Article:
Detroit-built technology aims to change the game in sailboat racing

Detroit engineers in running for $10,000 prize

Detroit-built technology aims to change the game in sailboat racing
Detroit-built technology aims to change the game in sailboat racing

DETROIT – Racing sailboats is a niche sport, but it’s popular here in the Great Lakes state.

A new technology -- developed locally in the Motor City -- is a finalist for the World Sailing 11th Hour Racing Sustainability Award.

When you think of drones, you probably look up at the sky -- but what about underwater? Several local sailboat enthusiasts wanted to reduce the environmental impact of the sport and came up with a new technology that has them in the running for a big prize.

“When we were selected, it was a pretty powerful moment for the whole team,” said Kevin Morin.

Morin, along with 10 others, invented the MarkSetBot -- a done that hovers in the water and acts as a marker during sailboat races.

“You decide where you want it to stay in a body of water, you drag it on the phone or on the tablet and then it goes there and it hovers virtually without anchoring,” Morin said.

Historically, a boat is typically used as a marker, but the boat burns fuel and their anchors can disrupt ecosystems below.

“We needed some way to set marks and so we had to make compromises, and they weren’t good compromises,” Morin said. “So we came up with something better.”

The MarkSetBot was developed right here in downtown Detroit.

“Detroit is clearly an engineering city, and as we bring more and more tech in, this is really just a merging of what we’ve always been good at, right?” Morin said. “It’s not an automobile, but it’s a machine that needs to do a specific job -- it’s kind of in our wheelhouse.”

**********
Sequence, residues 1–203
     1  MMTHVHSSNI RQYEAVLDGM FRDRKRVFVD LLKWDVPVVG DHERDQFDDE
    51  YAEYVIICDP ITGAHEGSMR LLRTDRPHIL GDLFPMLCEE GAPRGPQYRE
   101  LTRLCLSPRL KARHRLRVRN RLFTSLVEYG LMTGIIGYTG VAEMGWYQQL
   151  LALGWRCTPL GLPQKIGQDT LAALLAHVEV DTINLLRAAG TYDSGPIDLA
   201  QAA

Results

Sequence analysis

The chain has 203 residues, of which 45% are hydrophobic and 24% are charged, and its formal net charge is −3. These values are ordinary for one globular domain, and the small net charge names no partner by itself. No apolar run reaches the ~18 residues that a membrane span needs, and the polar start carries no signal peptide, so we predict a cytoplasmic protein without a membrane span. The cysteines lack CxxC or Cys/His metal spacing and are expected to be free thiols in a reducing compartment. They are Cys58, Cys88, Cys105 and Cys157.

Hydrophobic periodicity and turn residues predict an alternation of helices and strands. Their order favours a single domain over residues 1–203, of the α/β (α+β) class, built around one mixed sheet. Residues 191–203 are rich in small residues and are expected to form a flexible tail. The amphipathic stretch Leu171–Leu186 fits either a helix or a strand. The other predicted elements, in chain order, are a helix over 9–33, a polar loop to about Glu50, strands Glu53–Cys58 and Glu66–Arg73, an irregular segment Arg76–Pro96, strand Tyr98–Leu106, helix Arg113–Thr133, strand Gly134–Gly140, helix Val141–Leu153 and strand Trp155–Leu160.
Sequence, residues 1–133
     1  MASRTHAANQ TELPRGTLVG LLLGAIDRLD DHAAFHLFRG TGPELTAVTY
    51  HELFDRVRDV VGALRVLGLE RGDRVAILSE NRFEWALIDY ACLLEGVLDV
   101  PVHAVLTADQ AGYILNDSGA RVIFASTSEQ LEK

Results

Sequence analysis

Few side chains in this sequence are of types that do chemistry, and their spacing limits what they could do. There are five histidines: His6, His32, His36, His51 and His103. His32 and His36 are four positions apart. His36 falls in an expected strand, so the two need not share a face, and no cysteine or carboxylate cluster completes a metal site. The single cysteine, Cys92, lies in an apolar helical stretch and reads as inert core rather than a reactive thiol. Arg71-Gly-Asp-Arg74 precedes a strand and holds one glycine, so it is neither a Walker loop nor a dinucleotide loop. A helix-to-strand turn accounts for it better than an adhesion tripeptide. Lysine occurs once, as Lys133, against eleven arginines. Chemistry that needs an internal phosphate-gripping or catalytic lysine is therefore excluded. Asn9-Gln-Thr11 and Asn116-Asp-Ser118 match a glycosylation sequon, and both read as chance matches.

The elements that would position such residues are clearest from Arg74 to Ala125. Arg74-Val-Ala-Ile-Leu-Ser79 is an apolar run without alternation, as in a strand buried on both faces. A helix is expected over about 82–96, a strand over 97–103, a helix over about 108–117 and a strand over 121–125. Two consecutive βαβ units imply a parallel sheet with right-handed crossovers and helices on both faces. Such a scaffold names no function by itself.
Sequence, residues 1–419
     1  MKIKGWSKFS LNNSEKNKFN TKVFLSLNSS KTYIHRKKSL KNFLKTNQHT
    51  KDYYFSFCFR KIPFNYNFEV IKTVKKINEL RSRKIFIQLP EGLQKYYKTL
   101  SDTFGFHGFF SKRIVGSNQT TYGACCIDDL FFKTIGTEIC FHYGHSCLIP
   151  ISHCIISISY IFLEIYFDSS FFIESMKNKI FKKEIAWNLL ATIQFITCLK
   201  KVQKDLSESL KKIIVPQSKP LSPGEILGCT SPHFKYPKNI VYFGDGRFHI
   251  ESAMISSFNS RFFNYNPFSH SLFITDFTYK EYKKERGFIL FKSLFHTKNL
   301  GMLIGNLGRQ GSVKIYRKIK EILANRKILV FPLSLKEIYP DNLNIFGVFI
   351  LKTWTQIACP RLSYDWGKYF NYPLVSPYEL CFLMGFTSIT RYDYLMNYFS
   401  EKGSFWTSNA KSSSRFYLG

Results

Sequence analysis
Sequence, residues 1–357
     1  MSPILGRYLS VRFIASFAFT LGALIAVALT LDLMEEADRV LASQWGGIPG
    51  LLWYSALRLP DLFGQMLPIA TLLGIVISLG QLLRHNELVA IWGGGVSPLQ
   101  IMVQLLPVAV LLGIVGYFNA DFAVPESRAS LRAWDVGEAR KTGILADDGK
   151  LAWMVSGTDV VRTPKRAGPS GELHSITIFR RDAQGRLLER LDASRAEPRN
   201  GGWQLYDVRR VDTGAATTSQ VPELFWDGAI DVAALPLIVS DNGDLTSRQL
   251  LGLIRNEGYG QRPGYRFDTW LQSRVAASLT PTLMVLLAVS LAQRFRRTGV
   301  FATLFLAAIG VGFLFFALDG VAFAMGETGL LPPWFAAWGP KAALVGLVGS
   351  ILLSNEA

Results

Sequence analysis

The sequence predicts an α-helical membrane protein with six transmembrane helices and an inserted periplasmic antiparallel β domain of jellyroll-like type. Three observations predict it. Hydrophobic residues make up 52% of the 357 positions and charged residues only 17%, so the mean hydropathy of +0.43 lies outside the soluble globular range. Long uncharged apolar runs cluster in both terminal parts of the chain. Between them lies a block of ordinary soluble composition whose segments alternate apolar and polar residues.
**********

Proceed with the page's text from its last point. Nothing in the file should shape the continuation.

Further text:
The first bot was developed in 2015 and the team started selling them two years later for about $7,000. The technology quickly caught the attention of the international sailing community.

“If you throw enough effort at something you can make a difference,” Morin said. “Something we built on little Lake Saint Clair is relevant in the Mediterranean and in lakes in Switzerland and in Australia.”

International voting ended at noon Friday. The Detroit crew was up against teams from New Zealand, Thailand and Italy. The results are expected within a week.

The winner will receive a $10,000 prize to help further their sustainability activities and a trophy made from recycled carbon fibre infused with bio resin.

More information on the MarkSetBot can be found on its official website here.


About the Authors:

Priya joined WDIV-Local 4 in 2013 as a reporter and fill-in anchor. Education: B.A. in Communications/Post Grad in Advanced Journalism

Dane is a producer and media enthusiast. He previously worked freelance video production and writing jobs in Michigan, Georgia and Massachusetts. Dane graduated from the Specs Howard School of Media Arts.